Born Rebecca Davis in Delaware in 1831, Crumpler was raised by an aunt in Pennsylvania who often helped care for sick neighbors. Those early experiences made her want to work to “relieve the suffering of others.” In the early 1850s she moved to Massachusetts and became a nurse. Crumpler earned a place at the New England Female Medical College (NEFMC) in 1860. The school was the first in the country to train women M.D.s. At the time, many men argued that women were too delicate or not intelligent enough to be doctors. Most medical schools barred Black students regardless of gender. The NEFMC initially trained women to work only as midwives. This focus reflected its founder Samuel Gregory’s belief that it was improper for male doctors to assist with childbirth. But by the time Crumpler attended, the curriculum had expanded to encompass a more complete medical education.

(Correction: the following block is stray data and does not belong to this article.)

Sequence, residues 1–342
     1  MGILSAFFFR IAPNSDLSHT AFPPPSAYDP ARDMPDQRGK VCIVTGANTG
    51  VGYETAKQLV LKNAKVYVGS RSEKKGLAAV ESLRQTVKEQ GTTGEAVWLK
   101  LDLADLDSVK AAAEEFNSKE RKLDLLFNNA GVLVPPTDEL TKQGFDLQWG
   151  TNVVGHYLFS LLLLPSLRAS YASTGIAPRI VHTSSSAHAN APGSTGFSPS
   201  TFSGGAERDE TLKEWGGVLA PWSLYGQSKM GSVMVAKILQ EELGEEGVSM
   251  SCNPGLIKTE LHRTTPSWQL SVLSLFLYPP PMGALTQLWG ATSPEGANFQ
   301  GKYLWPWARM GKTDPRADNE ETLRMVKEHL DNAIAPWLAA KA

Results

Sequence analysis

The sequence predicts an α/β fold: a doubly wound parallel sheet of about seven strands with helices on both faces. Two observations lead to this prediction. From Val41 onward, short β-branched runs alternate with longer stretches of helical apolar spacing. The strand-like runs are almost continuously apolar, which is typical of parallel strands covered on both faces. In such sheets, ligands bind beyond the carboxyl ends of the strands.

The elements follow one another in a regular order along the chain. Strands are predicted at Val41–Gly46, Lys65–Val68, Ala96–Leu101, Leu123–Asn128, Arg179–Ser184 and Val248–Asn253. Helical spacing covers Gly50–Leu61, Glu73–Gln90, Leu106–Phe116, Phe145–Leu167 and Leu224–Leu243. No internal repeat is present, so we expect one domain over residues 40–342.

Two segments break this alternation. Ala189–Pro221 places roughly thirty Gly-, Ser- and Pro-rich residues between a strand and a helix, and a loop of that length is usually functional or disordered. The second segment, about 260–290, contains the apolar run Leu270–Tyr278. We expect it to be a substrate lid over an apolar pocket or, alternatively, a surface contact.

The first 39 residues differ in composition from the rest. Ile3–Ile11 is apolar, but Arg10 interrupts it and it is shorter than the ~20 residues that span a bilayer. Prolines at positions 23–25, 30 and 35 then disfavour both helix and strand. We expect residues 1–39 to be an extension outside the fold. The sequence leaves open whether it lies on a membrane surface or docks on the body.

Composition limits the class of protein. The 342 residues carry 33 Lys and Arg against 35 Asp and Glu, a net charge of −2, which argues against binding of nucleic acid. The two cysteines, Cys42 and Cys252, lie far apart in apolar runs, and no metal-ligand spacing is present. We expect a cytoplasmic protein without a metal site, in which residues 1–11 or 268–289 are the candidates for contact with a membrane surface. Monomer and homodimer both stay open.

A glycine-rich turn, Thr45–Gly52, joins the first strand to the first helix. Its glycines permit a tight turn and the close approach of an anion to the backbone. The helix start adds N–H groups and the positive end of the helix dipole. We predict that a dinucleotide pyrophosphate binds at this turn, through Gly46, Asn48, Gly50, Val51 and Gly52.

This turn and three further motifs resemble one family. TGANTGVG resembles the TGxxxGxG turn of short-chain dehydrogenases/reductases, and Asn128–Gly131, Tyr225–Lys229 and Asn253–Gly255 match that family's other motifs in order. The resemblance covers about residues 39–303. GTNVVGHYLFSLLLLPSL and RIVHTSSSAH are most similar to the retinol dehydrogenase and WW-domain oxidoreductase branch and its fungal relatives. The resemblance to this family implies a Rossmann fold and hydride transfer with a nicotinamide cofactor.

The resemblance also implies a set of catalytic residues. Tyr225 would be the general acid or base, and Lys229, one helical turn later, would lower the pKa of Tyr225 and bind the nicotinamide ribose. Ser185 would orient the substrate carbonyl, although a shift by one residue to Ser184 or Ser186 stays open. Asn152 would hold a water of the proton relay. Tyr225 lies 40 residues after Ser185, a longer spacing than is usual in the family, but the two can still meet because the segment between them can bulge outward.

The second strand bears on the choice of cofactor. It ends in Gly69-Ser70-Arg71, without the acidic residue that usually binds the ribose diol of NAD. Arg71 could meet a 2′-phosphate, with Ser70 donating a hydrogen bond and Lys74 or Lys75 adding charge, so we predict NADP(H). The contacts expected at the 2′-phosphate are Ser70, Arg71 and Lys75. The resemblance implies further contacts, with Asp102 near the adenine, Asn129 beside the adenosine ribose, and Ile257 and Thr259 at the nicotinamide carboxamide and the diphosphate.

Dr. Crumpler graduated from New England Female Medical College in 1864, becoming the first female African American doctor. Her official degree was “Doctress of Medicine.” She began practicing in Boston, but at the end of the Civil War found herself drawn to Richmond, Virginia as a “proper field for real missionary work.” She collaborated with the Freedmen’s Bureau and other charity and missionary groups to care for freed African Americans. Many of her patients were very poor people who would otherwise have had no access to medical care. Continue reading from NPS